Cassini Significant Event Report

For Week Ending 05/02/03

The most recent spacecraft telemetry was acquired from the Canberra tracking station on Wednesday, April 30. The Cassini spacecraft is in an excellent state of health and is operating normally. Information on the spacecraft's position and speed can be viewed on the "Present Position" web page.


April 26th marked the 5th anniversary of Cassini's first Venus flyby. Cassini is using a Venus-Venus-Earth- Jupiter trajectory. Each flyby provides a gravity assist that cumulatively will enable Cassini to reach Saturn in 2004.


The Command and Data Subsystem (CDS) Flight Software (FSW) checkout concluded this week with a successful optical navigation (OPNAV) test. Final activities for C36 included a reaction wheel assembly momentum unload, and uplink of the C37 background sequence.


The completion of the optical navigation test marks the conclusion of the engineering flight software checkout period. Both the Attitude Control and Command and Data subsystems have successfully demonstrated the full suite of capabilities afforded by the new software that will be used throughout orbital operations.


C37 began execution late Monday night. Initial activities included loading of Imaging Science Subsystem (ISS), Ultraviolet Imaging Spectrograph (UVIS), and Radio and Plasma Wave Science (RPWS) instrument expanded blocks from the background sequence, RPWS high-rate observations, an RPWS high frequency receiver calibration, and clearing of the attitude control high water marks. At the end of this week the spacecraft transitioned to reaction wheels in preparation for trajectory correction maneuver 19.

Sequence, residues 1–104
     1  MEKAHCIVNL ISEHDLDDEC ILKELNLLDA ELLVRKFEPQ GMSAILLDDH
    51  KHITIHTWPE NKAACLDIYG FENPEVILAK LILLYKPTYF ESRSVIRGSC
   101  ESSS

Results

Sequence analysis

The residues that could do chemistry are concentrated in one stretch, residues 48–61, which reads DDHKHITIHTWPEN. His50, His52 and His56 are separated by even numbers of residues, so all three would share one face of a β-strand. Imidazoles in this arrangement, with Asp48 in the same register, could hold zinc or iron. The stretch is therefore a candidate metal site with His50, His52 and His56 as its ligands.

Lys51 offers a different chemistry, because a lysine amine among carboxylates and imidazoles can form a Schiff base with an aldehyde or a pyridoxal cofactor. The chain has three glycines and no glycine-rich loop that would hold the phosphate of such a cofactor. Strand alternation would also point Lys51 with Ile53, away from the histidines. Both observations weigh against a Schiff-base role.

Optical navigation data from this weeks test have been processed by the Multimission Image Processing Laboratory (MIPL), including 18 Narrow Angle Camera (NAC) and nine Wide Angle Camera (WAC) images. The Navigation team has reviewed the data and reported that pointing was very good (within about five or six NAC pixels of the target) and that the exposures on 11th magnitude stars are good.


Mission Planning and Science Planning held a kick off meeting for the implementation of the science operations plan for tour sequences tour sequences S7/S8 this week, along with a project briefing for the cruise sequence C39.


An Archive Design Peer Review of the Cosmic Dust Analyzer (CDA), ISS, Radio Science Subsystem (RSS), and Visual and Infrared Mapping Spectrometer (VIMS) instrument team archive plans was held this week. Members of the Planetary Data System, instrument team representatives, and Instrument Operations personnel attended.


A Software Review Certification Requirement meeting was held for Composite Infrared Spectrometer FSW version 2.0.1. The software is due to be uplinked to the spacecraft in late May.


MIPL delivered an engineering version of the remote constraint checker tools to the ISS and VIMS science teams. The software will be used for validation of Instrument Operations Interface (IOI) files prior to delivery to IO. These tools allow a remote site to automatically deliver preliminary IOI files to MIPL, have them error/constraint checked there, and have the results returned to the remote site. During operations this will enable instrument teams to deliver error-free IOI files.



Additional information about Cassini-Huygens is online at http://saturn.jpl.nasa.gov.


Cassini will begin orbiting Saturn on July 1, 2004, and release its piggybacked Huygens probe about six months later for descent through the thick atmosphere of the moon Titan. Cassini-Huygens is a cooperative mission of NASA, the European Space Agency and the Italian Space Agency. JPL, a division of the California Institute of Technology in Pasadena, manages the mission for NASA's Office of Space Science, Washington, D.C.


Media Relations Office

Jet Propulsion Laboratory

California Institute of
Technology


National Aeronautics and Space
Administration


Pasadena, Calif. 91109.
Telephone (818) 354-5011